Warner Bros. knows this, and like Disney was to television in the 50's & 60's, WB will be the early bird that catches the worm.

I agree with the signature statement of shodoug, in another forum: "I think that the only losers in the format war will be those who wait for a clear winner." Posted Image
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#9 of 59 Rob Young

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Posted May 22 2007 - 06:38 AM

Quote:
Originally Posted by Grant H
At least it used to be the pirates were stuck watching their HD movies on their 17" computer monitors, but now that people can watch them on their X Box add-ons hooked up to home theater systems piracy really is becoming a threat.

Umm, they still are making good money and there are more consumers buying the stuff than d/ling/pirating it.

Sorry but I find the piracy stuff to be outright lame and is just fear mongering to get the masses to actually think it is such a huge issue when reality it isn't.

The problem that most people just TOTALLY ignore is that most who d/l stuff simply have NO DESIRE to buy the product regardless and do so simply because it is there. If you have NO PLANS to buy something then why (in a financial sense) does it matter? Companies too often assume every d/l of something is a lost sale and that annoys me to no end. I know a guy who d/ls a lot of stuff and he simply does not have much cash to buy stuff and most (ie 95%) of the stuff he d/ls is stuff he would not buy even if he had the extra cash to do so. Again, no lost revenue since he wouldn't buy the stuff in the first place. i'd guess the % of piracy that actually results in lost sales is TINY.

It'll be funny when BD+ is implemented and people crack it and people go on and on about that. I am of the opinion all these supposed security enhancements are just a waste of time/money since they all end up cracked and I am then spoonfed a line about how they and piracy are causing the prices of my software to be where it is. Sorry but that is back asswards and BS. Companies will charge us what they do for the simple reason they know they can. If they truly wanted to combat "lost sales" to piracy they'd lower the prices to give those more incentive to buy rather than d/l...but again, the % of that group is most likely tiny so they keep with the higher prices.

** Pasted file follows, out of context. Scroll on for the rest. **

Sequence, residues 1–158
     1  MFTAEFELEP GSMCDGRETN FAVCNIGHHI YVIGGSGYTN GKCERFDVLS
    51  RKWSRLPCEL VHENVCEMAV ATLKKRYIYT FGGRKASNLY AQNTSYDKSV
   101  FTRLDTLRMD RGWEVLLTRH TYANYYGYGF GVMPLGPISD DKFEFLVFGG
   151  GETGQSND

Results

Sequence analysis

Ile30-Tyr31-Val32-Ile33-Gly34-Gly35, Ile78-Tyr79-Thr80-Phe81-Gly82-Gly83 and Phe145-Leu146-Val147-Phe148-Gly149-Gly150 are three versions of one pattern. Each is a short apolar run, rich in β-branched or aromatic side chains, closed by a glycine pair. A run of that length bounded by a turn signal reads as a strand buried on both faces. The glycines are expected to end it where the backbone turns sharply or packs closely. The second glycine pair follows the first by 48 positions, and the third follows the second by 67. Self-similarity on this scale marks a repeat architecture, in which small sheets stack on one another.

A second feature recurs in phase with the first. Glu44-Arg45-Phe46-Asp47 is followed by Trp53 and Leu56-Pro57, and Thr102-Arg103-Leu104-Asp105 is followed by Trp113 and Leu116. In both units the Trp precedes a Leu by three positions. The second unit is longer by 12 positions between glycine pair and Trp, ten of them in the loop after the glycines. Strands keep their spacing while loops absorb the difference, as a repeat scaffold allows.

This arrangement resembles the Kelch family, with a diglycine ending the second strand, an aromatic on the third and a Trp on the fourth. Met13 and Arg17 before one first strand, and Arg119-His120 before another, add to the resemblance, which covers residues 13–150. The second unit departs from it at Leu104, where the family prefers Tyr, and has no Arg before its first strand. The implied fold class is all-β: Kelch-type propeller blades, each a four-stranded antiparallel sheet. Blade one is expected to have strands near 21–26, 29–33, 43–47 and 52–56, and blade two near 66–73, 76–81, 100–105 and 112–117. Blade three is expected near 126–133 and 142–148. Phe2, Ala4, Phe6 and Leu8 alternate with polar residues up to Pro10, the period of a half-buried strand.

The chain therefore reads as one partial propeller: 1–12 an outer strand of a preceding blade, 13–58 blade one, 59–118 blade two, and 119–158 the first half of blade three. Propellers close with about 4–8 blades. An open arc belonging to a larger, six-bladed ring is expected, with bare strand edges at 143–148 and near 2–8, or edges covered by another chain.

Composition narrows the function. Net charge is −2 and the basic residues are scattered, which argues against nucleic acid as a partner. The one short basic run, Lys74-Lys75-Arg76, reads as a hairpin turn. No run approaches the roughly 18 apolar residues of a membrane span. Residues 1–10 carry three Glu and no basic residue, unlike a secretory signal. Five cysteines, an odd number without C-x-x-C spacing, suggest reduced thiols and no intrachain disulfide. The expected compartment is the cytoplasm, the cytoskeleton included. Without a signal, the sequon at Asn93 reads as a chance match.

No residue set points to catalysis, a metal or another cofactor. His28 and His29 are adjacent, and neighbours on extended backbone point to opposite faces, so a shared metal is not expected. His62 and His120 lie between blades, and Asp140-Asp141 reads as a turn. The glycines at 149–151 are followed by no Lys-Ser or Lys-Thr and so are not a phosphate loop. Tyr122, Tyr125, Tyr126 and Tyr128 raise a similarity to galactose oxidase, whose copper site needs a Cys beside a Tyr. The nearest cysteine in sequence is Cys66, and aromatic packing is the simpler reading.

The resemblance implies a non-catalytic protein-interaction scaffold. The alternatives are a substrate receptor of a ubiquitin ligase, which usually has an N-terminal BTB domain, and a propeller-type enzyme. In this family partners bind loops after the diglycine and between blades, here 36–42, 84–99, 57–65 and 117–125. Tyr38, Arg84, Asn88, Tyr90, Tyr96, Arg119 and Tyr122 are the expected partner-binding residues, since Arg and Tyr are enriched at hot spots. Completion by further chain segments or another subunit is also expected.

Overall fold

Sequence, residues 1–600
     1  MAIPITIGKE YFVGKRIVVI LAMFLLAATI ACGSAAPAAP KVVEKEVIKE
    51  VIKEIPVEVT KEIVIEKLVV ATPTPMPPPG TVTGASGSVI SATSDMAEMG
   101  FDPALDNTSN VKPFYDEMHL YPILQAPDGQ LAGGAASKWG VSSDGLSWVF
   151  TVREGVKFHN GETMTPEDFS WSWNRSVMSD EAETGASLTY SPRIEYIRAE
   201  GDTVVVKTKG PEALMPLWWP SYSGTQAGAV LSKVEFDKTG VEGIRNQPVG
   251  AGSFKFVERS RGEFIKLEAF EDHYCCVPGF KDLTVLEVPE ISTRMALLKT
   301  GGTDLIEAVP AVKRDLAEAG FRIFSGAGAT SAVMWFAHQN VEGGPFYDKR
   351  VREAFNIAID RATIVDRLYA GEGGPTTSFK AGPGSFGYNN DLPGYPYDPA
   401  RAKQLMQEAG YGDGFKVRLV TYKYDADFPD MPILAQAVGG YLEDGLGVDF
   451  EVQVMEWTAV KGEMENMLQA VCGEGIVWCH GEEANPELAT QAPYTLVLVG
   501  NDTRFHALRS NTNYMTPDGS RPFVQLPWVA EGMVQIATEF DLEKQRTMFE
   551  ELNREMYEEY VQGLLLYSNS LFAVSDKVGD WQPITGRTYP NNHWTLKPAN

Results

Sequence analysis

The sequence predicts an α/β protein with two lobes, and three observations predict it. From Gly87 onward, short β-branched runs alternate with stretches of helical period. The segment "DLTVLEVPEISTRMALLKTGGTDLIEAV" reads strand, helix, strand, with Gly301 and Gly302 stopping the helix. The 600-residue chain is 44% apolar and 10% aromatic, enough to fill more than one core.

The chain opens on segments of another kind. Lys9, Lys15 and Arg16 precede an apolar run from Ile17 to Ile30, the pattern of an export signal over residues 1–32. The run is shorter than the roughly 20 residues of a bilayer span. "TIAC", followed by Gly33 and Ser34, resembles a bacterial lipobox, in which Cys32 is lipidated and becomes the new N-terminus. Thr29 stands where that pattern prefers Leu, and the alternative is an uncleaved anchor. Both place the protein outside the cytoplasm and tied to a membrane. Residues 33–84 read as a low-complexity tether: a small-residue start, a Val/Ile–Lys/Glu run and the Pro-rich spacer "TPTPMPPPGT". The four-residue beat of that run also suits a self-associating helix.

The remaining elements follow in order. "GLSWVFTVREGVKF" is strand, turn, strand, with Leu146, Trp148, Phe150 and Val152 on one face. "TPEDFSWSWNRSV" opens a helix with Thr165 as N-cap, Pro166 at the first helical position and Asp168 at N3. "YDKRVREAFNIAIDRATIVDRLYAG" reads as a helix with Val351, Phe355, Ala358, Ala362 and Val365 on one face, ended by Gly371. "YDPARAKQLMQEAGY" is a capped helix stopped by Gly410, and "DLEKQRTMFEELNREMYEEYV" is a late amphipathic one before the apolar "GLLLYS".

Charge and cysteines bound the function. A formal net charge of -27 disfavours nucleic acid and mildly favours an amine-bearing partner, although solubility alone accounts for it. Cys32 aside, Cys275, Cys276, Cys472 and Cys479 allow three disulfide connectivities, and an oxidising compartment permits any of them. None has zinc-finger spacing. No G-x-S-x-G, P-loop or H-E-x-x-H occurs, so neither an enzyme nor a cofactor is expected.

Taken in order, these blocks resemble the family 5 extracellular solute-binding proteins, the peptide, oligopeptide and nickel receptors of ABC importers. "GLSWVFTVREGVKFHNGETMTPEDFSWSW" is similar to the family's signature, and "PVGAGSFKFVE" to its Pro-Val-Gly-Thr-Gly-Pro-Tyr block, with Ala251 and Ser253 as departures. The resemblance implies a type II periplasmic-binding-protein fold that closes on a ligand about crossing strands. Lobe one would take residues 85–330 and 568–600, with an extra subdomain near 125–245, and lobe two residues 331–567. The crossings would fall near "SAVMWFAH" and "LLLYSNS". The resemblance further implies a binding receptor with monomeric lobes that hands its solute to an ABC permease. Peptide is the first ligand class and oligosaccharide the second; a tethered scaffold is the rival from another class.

#10 of 59 Matt Leigh

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Posted May 22 2007 - 07:52 AM

My problem is that anyone down loading movies/music/games whatever that they say they would never buy still gets the oppurtunity to enjoy those things without having to pay for them. That in and of itself is unfair to everyone who does pay for them.

#11 of 59 Yumbo

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Posted May 22 2007 - 08:36 AM

Um,

Try living in a country with 98% piracy. It's the well to do who are the biggest purchasers, simply because they can and no one is stopping them.

Think globally.

#12 of 59 Jesse Skeen

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Posted May 22 2007 - 01:05 PM

Well, the movies they chose are sure appropriate. All I can say is ARRRRRR! Posted Image
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#13 of 59 Jeff Cooper

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Posted May 23 2007 - 04:47 AM

Quote:
Well, the movies they chose are sure appropriate. All I can say is ARRRRRR!

So would the headline read "PIRATES PIRATE PIRATES" ? Posted Image
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#14 of 59 Ryan-G

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Posted May 23 2007 - 08:28 PM

Quote:
Originally Posted by Chris S
Doing my best to follow all this DRM stuff but I believe the new AACS keys were originally retrieved/cracked from the new Matrix HD DVD release. Once again AACS LA makes a critical security error by putting the same keys on both media types.